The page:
Role of cytokines in the gene expression of amyloid beta-protein precursor: identification of a 5′-UTR-binding nuclear factor and its implications in Alzheimer’s disease.

Le 02 Nov 2021

Auteur : Lahiri DK, Chen D, Vivien D, Ge YW, Greig NH, Rogers JT

Année : 2003

Journal : J Alzheimers Dis 1387-2877

PubMed Id : 12719626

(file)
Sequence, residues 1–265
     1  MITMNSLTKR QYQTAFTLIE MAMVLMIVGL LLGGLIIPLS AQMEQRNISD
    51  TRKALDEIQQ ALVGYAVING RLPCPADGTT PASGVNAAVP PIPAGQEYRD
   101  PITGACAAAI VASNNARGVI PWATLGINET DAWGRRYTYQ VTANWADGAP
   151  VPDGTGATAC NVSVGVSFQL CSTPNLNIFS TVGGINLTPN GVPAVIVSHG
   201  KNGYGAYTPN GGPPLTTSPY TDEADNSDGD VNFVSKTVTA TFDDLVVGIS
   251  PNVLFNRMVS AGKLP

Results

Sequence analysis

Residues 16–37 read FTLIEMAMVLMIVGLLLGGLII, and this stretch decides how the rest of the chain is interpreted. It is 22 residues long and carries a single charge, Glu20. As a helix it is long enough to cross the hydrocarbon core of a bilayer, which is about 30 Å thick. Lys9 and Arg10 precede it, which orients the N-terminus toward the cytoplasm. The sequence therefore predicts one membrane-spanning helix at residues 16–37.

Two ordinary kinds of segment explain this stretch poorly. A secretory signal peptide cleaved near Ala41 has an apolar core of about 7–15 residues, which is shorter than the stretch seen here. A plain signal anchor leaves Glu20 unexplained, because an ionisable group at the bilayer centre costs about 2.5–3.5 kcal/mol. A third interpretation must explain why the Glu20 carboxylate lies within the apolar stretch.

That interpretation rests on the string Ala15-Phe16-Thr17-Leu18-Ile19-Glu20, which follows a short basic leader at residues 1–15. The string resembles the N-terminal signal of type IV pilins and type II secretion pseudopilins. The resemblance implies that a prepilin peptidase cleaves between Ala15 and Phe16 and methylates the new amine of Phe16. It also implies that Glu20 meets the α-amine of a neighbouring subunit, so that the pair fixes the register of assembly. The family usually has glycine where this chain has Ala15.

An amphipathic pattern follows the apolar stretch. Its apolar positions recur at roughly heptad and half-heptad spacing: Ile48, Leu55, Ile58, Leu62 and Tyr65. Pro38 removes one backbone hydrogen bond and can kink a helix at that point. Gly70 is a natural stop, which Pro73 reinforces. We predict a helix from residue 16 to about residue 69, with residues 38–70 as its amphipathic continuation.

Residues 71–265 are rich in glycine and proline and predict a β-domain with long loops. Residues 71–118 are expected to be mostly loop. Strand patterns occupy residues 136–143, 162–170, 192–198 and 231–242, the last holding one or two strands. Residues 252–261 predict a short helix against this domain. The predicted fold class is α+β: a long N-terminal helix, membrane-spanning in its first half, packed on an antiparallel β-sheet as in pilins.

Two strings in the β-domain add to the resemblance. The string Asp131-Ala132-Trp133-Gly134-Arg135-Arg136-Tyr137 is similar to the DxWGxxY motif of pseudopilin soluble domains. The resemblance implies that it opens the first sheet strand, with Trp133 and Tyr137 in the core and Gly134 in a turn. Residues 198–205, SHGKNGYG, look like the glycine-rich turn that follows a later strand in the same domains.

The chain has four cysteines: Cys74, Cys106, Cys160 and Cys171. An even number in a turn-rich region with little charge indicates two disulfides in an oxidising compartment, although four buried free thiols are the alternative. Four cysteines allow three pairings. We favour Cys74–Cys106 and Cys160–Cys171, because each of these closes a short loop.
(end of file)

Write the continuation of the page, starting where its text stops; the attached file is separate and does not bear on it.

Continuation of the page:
One of the major neuropathological characteristics of Alzheimer’s disease (AD) is the brain depositions of senile plaques that are mainly composed of toxic amyloid beta-peptide (Abeta), which is generated from a family of Abeta containing precursor proteins (AbetaPP; 695-770 amino acids). The role of cytokines and growth factors has been implicated in the pathogenesis of AD. Our goal is to determine the mode of action of cytokines on the regulation of betaPP gene expression. Here we studied the effect of different cytokines on the activity of 5′-untranslated region (5′-UTR) of betaPP mRNA in human astrocytic cells (U-373). We compared betaPP-5′-UTR activity in the presence of interleukin-1 (IL-1alpha and IL-1beta), transforming growth factor (TGF-beta1) and tumor necrosis factor TNF-alpha1. The astrocytic cells, which were treated separately with these agents, were transfected with either the vector (pSV2CAT) or pSV2UTR-CAT construct containing 90 bp of AbetaPP 5′-UTR +54 to 144 bp). This region was cloned upstream of a reporter chloramphenicol acetyl transferase gene (CAT). Our results indicate that the treatment of pSV2UTR-CAT-transfected cells with either IL-1alpha, IL-1beta, TGF-beta1 or TNF-alpha1 stimulated reporter gene activity in a factor-specific manner. This was consistent with their effects on elevating AbetaPP protein levels. Transfection of the same cells with the pSV2CAT vector lacking 5′-UTR resulted in a reduced reporter gene activity with all treatments studied. DNA-gel shift experiments indicate that the 54/144 region binds to a nuclear protein(s) in a cell type specific manner. These results suggest that 5′-UTR of the AbetaPP gene can respond to the stimulation of different cytokines, which likely regulate AbetaPP transcription and translation via regulatory elements present in the AbetaPP promoter and in 5′-UTR, respectively. The characterization of AbetaPP regulatory elements, including the 5′-UTR, will accelerate the development of novel agents against new targets for AD.